Superchargers - How they work, what types there are and more!

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  1. Superchargers - How they work, what types there are and more! 
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    Superchargers are driven continuously while the motor runs, like a fan or air conditioner unit, and they run at a fixed ratio to the engine rpm, delivering the same curve of boost regardless of the engine's natural aspiration, so they normally impose their own characteristics on the vehicle's breathability. But some of them can deliver instant boost practically from idle, which is held to be the great differentiator between the turbo and the supercharger..Superchargers give a much more Linear power curve, but is hte potential for big hp the same?...well, No in a word!

    Here's the lowdown on the different types of supercharger:

    There are essentially two ddifferent types of supercharger and the first, a centrifugal supercharger, is an air pump driven directly from the crank, injecting air it has ALREADY compressed. It delivers exponentially increasing boost as rpm increases.

    Some like to think of the centrifugal supercharger and the turbocharger as the same thing except with the compressor wheel being powered by different means. The centrifugal does experience lag at the lower end of the rev range as with a turbo

    Centrifugal superchargers aim for max boost at the high end of the rev range. A centrifugal supercharger is basically the same type of pump as the compressor side of a turbocharger, but it is mechanically driven off the crankshaft instead of by exhaust gas as with a turbocharger. Internal gearing then steps up the spin speed of the compressor wheel, and gives a distinctive whistling sound, that most drivers enjoy hearing, but the centri SC is basicallyt pretty damn noisy for a daily driver.

    The centrifugal's type of compressor - like the turbo's - is efficient only at high rpm. Because all superchargers by definition are under continual drive from the crank (i.e. with no comparable turbocharger wastegate system to cut the drive), design decisions set the limits to how much internally to gear-up (or overdrive) the spooling:
    The centrifugal aims for high-end boost and in consequence gives almost no boost at low rpm.

    Although centrifugal superchargers build boost relative to engine rpm: boost builds exponentially in the upper half of the powerband - generally they start boosting around 2000 to 3000 rpm, and attain full boost at max rpm - i.e. the quoted maximum boost of a centrifugal happens at redline.

    Enthusiasts say that in situations where they demand performance from their vehicle, they spend most time in the mid to high rpm ranges.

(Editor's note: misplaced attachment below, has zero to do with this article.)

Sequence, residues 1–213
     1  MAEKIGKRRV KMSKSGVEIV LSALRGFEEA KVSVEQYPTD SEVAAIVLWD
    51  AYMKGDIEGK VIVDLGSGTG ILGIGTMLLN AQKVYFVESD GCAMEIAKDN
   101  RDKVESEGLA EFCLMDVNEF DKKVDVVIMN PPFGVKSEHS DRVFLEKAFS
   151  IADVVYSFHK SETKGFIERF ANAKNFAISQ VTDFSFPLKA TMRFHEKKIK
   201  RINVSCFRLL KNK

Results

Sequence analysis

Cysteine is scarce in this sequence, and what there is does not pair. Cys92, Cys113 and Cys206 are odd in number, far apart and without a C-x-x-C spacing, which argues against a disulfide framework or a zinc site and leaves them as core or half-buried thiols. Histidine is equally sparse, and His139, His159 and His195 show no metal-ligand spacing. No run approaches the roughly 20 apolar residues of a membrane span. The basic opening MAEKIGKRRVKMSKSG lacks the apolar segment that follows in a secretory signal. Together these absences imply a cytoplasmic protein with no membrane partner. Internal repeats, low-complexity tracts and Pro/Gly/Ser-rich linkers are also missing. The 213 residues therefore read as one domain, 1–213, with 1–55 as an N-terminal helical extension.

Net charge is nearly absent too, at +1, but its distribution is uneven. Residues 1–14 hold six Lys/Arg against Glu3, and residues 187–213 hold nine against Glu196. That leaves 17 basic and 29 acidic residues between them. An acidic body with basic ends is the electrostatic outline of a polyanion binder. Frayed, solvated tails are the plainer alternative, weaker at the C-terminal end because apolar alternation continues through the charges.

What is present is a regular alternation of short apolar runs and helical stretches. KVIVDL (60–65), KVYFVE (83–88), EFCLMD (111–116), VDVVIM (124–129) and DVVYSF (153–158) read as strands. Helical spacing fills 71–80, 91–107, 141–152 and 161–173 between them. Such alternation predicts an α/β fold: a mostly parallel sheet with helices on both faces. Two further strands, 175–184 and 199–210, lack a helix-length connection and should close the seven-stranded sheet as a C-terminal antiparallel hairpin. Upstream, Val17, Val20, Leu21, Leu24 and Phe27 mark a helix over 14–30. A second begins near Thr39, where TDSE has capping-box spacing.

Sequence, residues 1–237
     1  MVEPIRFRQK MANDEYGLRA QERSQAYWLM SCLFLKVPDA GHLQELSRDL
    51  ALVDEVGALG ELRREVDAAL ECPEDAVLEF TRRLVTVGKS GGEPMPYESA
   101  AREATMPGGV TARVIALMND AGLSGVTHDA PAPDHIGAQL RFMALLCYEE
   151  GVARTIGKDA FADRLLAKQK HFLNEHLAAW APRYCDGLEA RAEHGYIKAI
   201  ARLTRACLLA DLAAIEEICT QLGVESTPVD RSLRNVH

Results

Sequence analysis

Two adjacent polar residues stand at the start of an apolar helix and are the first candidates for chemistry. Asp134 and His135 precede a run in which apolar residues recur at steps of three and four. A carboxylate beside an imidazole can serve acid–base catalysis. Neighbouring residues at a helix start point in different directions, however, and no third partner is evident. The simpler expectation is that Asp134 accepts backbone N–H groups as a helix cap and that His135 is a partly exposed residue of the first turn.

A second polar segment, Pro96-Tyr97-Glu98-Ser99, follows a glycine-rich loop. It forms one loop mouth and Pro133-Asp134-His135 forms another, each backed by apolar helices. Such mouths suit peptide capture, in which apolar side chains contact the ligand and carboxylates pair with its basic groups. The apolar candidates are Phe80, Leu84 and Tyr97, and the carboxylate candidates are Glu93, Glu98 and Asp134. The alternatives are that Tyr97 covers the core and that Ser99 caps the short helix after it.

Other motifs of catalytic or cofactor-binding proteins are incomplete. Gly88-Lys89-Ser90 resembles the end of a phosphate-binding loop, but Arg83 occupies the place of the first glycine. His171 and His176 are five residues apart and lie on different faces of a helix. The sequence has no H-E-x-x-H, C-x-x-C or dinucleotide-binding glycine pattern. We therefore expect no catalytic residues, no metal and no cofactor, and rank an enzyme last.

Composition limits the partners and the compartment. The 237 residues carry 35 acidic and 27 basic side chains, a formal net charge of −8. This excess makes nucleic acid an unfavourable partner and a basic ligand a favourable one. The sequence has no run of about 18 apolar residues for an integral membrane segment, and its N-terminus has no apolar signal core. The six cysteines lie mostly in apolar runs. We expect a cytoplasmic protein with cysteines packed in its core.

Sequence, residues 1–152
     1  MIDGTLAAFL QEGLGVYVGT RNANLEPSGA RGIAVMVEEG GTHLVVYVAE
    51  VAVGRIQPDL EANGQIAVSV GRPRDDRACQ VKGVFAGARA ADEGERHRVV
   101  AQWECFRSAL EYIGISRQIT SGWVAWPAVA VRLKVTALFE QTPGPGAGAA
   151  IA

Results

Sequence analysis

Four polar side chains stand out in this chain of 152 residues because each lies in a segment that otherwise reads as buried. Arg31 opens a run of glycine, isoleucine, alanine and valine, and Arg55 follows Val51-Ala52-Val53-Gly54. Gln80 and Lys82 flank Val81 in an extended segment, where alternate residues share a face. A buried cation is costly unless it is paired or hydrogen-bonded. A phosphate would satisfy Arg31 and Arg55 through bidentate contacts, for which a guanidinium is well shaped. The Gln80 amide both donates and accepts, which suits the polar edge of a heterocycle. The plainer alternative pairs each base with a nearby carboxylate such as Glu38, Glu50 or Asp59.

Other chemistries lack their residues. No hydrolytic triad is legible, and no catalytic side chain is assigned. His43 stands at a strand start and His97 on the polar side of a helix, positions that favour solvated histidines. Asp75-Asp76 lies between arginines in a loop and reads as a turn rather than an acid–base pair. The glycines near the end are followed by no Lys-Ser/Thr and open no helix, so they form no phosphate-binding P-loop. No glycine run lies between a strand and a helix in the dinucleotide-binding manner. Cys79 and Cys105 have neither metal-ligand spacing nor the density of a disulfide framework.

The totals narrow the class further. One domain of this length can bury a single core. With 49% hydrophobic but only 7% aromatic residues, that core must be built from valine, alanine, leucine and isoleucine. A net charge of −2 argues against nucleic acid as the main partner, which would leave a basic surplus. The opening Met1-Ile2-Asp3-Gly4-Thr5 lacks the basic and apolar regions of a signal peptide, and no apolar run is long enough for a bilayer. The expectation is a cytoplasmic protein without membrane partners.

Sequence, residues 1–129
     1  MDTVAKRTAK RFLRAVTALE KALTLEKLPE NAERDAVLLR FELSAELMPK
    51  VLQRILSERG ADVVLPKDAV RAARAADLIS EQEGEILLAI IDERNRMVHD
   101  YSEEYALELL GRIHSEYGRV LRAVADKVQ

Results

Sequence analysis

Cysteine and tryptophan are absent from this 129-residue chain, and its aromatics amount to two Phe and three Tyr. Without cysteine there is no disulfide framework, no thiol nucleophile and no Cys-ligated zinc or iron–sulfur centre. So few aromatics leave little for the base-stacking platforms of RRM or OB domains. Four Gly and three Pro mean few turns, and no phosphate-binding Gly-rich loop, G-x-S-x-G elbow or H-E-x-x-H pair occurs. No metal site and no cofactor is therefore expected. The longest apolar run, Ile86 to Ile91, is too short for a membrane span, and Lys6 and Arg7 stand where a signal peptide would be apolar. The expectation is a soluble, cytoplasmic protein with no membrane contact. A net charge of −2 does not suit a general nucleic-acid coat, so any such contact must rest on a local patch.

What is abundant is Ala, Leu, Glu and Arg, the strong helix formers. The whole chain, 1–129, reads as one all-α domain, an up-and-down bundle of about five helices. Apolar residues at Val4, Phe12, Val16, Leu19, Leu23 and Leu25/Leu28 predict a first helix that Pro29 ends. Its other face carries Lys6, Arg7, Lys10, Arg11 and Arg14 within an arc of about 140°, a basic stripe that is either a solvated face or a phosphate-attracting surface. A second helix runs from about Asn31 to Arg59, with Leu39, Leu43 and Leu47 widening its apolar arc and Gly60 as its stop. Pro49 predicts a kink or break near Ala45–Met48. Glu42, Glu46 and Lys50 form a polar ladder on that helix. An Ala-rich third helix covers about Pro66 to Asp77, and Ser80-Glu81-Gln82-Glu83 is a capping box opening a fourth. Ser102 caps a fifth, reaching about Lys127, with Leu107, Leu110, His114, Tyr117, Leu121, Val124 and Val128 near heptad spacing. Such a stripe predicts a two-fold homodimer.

Best applications of centrifugals

    The centrifugal is good for lightweight, manual transmission vehicles (you can downshift for a higher rpm) , and is popular with muscle cars that have plenty of low-end torque already in NA form (naturally aspirated), but they're not so good for heavier vehicles under load or towing, or automatic transmissions - in these cases a positive displacement supercharger is much more suitable.

    This positive displacement aspect brigns us on to the......

    Roots Blower - essentially a positive displacement air mover
    The roots-type supercharger is a positive displacement system referred to as a blower since it doesn't compress air directly, but simply moves it quickly. It employs 2 or 3 counter-rotating lobes to scoop a fixed amount of air from the outside and deliver it into the intake manifold. Unlike the compressors of the turbocharger and the centrifugal supercharger, which deliver exponentially greater boost with increased rpm and which are not designed to perform at lower rpm, a positive displacement supercharger pumps a fixed amount of air for every revolution, and delivers instant boost even at low rpm.

    Since positive displacement superchargers are both continually under drive and also delivering boost at all rpm an intake bypass system is used in street applications to divert airflow and prevent overboosting.

    The roots type supercharger is based on the very efficient air moving principles of positive displacement, but loses supercharging efficiency for several reasons, and primarily because it doesn't compress the air directly.

    High heat from turbulence
    The blower delivers more and more air rapidly into the intake manifold, where it compresses from the addition of increasingly more air. The turbulence of uncompressed air entering the compressed environment - with associated backflows - creates heat, the great negative factor of supercharging.

    The adiabatic efficiency of a roots type supercharger is only in the 40%-60% range. Furthermore, while the other compressors tend to gain efficiencies at higher rpm, the roots tends to experience decreased efficiencies as boost levels rise or for sustained maximum output periods.

    A positive displacement supercharger has great advantages in lower end delivery - more power at lower rpm equals less strain on the engine.

    The roots type blower is inherently noisy, largely from the gearing required to run the rotors. It is a very simple supercharger, and moves a great volume of air very easily. The roots blower has always been very popular, but is now yielding some ground to the twin screw.

    The history of the Roots blower extends from 1859, predating supercharger history - positive displacement is an air pumping invention
    Last edited by Boostist; 06-04-2007 at 01:35.
     
     

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    Now it gets more complicate still though!! because you have to split it between NON-positive displacement compressors, positive displacement NON-compressors, and the twin screw positive displacement compressor.